new Governor at an opportune time about doing something next year.
Dr. Parker reiterated that there will be seven new or renewal appointments on
the Board of Regents. A brief discussion followed.
Dr. Goldstein said that approval the OCR agreement is still pending. A brief
The next item for discussion was the USM Regents Faculty Awards. There was
praise for Dr. Alt (TU), who chaired this year’s applicant review committee.
Speaking on behalf of Dr. Alt (who was unavoidably away), Dr. Siegel asked for
more flexibility in the Regent’s Faculty Awards policies and procedures. Dr.
Goldstein said that future review committees, working with CUSF and AAAC, could
change the procedures as they saw fit. Dr. Siegel said that the Senate Chairs
must take charge of selecting applicants from their own campuses.
Dr. Goldstein informed the group that dual enrollment between USM campuses
and the Community Colleges is a high priority issue now. There is a lot of
activity in this area, and Nancy Shapiro is heavily involved.
The Chancellor joined the meeting at approximately 1:00pm.
Dr. Goldstein concluded his report with an update to the group on the status
of benefits for FT-NTTs. His office is working hard on this. He has asked every
campus whether they comply with Regents' policies. The Chancellor and the
Presidents have agreed to provide FT-NTTs with health benefits. All except CSU
and FSU have already done so, and CSU and FSU will do so by fall, 2007.
Recently, the Chancellor and Presidents agreed to look at the issue of
retirement benefits and report to the Board of Regents on what they have found
and what recommendations, if any, they have. Dr. Goldstein has asked for
specific information on how many FT-NTTs on each campus are getting various
levels of benefits. He noted that "full-time" faculty status is
determined on each campus based on a required teaching load. The requirements
vary on the different campuses and in different programs within a campus.
The Chancellor began his remarks at 1:15pm. He said that he has a very
positive impression of Governor O'Malley's administration. They appear to be
making excellent appointments and are using a very thorough, professional search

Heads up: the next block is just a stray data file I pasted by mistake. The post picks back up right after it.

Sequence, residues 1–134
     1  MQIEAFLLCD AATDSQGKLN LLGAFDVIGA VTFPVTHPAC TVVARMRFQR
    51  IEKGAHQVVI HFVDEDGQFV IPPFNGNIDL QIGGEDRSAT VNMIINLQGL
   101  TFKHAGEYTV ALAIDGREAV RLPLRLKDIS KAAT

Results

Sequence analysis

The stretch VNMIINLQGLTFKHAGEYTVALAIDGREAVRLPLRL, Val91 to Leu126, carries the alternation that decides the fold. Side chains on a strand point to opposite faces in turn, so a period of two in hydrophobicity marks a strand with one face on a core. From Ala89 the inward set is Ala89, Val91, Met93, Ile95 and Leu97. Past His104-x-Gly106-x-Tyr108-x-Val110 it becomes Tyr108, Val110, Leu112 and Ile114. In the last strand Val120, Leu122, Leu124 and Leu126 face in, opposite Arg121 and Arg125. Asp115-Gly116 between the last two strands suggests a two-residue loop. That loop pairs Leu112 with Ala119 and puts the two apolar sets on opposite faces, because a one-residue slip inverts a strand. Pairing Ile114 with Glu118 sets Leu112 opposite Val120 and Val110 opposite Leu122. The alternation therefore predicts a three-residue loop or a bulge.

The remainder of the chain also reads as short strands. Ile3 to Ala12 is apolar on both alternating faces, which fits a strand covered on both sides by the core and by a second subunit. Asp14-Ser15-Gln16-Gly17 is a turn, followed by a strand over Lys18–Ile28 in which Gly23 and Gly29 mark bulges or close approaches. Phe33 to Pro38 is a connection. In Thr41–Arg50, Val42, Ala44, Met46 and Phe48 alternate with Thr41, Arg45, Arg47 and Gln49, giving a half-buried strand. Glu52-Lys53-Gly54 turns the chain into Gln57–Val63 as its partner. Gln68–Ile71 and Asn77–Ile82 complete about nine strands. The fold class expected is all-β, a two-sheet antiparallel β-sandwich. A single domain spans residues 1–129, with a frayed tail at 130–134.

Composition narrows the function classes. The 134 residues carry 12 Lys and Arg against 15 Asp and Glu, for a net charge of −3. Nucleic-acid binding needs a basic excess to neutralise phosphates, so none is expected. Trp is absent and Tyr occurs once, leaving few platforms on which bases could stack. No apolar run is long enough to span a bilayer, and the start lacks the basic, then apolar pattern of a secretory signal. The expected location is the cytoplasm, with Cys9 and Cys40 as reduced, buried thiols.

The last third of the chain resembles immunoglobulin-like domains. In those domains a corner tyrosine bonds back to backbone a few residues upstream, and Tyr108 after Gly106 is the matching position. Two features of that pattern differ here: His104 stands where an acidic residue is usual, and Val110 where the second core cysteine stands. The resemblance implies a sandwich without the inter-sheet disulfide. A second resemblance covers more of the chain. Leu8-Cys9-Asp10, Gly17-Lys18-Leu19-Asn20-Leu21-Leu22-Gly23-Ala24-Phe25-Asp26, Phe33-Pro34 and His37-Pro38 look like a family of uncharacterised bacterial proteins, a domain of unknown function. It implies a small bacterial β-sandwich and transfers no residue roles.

process. He is pleased that Joe Bryce and other former USM administrators are
now working for the State. James Lyons, former BSU president and now the new
MHEC Secretary, is an old friend of the Chancellor.
The Chancellor noted that USM has done relatively well this year, with a
proposed 8.3% budget increase versus an average of 2.5% for other state
agencies. The new budget will cover mandatory expenses plus costs for 1,700 new
students. This will be only the second year of funded enrollment growth for USM.
The Chancellor has decided not to push ORP legislation this year even though it’s
a very high priority. His reasoning is that this needs to be an administration
bill, the Governor needs more time to learn about the problem, and money is
tight this year. The limited capital budget is a significant problem for USM.
The new building at CSU (part of the pending OCR agreement) is very expensive -
$120 million. The Governor has promised lots of money for school construction
costs, and there has been a big increase in construction costs.
The Chancellor reiterated that USM has not yet heard from the OCR on the
pending agreement, and he doesn’'t know when they will.
The Chancellor is very troubled by Senate Bill 29, which says that any new
academic program approved after July 1, 2005 (there are about 170 such programs)
may be objected to by any other Maryland Institution. That is, an institution
may sue MHEC if it approves any of these programs.
The Chancellor said that he will support legislation to provide domestic
partners benefits (with priority to same-sex partners). This issue was brought
to him by the USM Student Council. He noted, however, that the General Assembly
has opposed such legislation in the past.
Following the Chancellor's report, there were brief discussions on the
Student Research Day, Annapolis 101, the Carol Twigg initiative, high textbook
prices and flexible tenure.
The meeting adjourned at 2:00pm.